As an example of how to convey information with a minimum of dialogue, this movie is absolutely outstanding. Its plot unfolds so naturally and gracefully across the screen that, as well as telling its tale with great efficiency, it also creates a wonderfully hypnotic atmosphere. Its story about a well-planned diamond heist involves double-crosses, blackmail and revenge as well as some reflections on the level to which individuals are able to control their own destinies and interestingly, it also includes a number of Hitchcockian influences such as voyeurism, doubles, confused identities and the disguise motif.
Stylistically, the emphasis is on presenting the action with the kind of deliberate pace and fluid camera-work that together contribute so strongly to the dreamlike mood of the piece. This, in turn, makes some of the plot's stranger coincidences, apparently illogical developments and moments of deja vu seem far less incongruous than would have been the case, if they'd have been seen in a more conventionally-filmed movie.
During the 2001 Cannes Film Festival, Laure Ash (Rebecca Romjin-Stamos) has a key role to play in a heist that's been planned by her gang-leader, Black Tie (Eriq Ebouaney) and posing as a press photographer at one of the premieres, sees a model called Veronica (Rie Rasmussen) who attracts a lot of attention because of the very revealing gold, serpent-shaped, diamond-encrusted piece of body jewellery that she's wearing. When Laure and Veronica meet in the ladies' room immediately before the movie's due to be screened, Laure is seen apparently seducing the model and during their encounter, removes the various pieces of Veronica's body-jewellery and drops them to the floor. Black Tie, who's hidden in the adjacent cubicle, then systematically swaps each piece for a fake replica in readiness for making off with the loot which is valued at $10,000,000. Things don't go so smoothly from this point on and culminate in Laure double-crossing her partners-in-crime and escaping to Paris with the stolen jewellery.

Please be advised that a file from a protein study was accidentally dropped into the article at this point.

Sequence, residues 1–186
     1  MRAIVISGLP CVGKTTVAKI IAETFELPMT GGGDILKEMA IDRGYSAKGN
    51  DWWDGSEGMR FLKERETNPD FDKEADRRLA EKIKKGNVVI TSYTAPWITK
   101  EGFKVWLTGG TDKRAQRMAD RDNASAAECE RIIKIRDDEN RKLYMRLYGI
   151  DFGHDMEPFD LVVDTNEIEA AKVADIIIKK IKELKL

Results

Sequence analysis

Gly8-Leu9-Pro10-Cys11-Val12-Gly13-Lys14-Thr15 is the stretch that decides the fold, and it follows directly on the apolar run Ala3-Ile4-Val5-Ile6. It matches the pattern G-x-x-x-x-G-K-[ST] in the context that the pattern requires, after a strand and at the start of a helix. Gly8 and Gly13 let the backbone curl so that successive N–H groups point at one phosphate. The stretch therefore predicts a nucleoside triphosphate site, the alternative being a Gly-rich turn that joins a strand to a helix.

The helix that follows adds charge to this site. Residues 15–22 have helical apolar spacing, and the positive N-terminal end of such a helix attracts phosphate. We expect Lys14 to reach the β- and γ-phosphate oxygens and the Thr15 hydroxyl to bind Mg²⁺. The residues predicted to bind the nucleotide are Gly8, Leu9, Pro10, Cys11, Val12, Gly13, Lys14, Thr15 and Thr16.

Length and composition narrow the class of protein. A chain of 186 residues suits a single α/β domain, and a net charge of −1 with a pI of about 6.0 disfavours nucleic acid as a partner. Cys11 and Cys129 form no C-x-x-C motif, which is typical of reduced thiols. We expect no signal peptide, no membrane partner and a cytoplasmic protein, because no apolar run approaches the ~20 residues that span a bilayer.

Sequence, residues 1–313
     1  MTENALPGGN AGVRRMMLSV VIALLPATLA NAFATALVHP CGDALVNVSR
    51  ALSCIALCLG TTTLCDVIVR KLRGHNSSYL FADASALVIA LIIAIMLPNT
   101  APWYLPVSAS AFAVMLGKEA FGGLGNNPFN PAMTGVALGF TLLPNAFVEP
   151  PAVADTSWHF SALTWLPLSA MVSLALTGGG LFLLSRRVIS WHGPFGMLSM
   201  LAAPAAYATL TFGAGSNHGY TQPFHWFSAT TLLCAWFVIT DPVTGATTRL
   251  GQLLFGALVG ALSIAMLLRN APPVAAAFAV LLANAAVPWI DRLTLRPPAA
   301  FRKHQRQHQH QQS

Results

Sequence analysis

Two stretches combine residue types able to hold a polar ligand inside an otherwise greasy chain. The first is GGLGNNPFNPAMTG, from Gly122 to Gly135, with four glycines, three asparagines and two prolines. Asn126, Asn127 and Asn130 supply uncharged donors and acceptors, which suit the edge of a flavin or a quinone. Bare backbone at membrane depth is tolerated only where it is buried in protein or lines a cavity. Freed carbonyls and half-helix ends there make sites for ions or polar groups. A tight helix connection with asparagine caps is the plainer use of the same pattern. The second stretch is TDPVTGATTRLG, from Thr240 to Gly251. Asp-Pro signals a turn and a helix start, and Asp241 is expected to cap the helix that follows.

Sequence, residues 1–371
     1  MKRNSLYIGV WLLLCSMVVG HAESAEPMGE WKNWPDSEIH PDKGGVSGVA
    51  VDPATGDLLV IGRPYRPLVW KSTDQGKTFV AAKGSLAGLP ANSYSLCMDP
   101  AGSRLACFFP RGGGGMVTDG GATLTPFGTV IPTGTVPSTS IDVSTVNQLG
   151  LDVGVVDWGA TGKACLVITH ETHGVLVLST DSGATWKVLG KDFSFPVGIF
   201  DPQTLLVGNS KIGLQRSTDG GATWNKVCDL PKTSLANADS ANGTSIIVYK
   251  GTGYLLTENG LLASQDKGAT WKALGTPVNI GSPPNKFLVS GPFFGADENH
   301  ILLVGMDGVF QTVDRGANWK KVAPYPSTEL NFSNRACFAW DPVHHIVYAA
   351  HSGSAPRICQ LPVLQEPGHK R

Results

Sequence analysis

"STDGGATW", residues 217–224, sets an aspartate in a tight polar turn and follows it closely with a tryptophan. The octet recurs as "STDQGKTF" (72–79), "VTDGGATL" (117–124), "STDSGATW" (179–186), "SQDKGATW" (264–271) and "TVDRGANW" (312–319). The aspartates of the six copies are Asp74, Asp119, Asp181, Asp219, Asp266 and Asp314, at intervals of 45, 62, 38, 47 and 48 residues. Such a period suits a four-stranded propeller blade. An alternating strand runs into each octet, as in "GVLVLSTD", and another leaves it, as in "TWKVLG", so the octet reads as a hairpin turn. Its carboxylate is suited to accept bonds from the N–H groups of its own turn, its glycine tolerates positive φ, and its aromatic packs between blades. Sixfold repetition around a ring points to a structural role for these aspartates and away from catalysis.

In Paris, Laure is mistaken for a missing woman called Lily, who looks identical to her and so, after stealing her double's passport and plane ticket to New York, Laure takes the opportunity to escape to a new life in America. During the flight, she meets a wealthy businessman who she subsequently marries. Seven years later, when her husband, Bruce Hewitt Watts (Peter Coyote) is appointed as the American ambassador to France, Laure reluctantly has to return to Paris (coincidentally at the same time as Black Tie is released from prison). After a period during which she's able to keep a low profile, her cover is suddenly blown after freelance photographer, Nicholas Bardo (Antonio Banderas) takes a photograph of her which then appears in numerous publications and puts her life in danger because her fellow gang-members are out for revenge.
The surreal series of events that follow illustrate further just how evil and manipulative Laure is and produce a dizzying succession of twists and turns that lead to the movie's entertaining and highly unpredictable conclusion. Intriguingly, during this part of the movie, it also becomes apparent that a number of things that had happened earlier, were not actually what they'd appeared to be.
Brian De Palma's "Femme Fatale" is an immensely absorbing mystery thriller that features a woman whose characteristics are typical of the noir archetype and readily admits that she's "a bad girl, real bad - rotten to the heart". Rebecca Romjin-Stamos hits all the right notes as both Laure and Lily and Antonio Banderas is charming and humorous as her victim. The real star of the show, however, is the camera. The ways in which split-screen techniques, tracking shots and overhead camera angles cover the action are totally breathtaking and clearly the work of a filmmaker who fully understands and is inspired by, all the possibilities of cinema as a visual medium.
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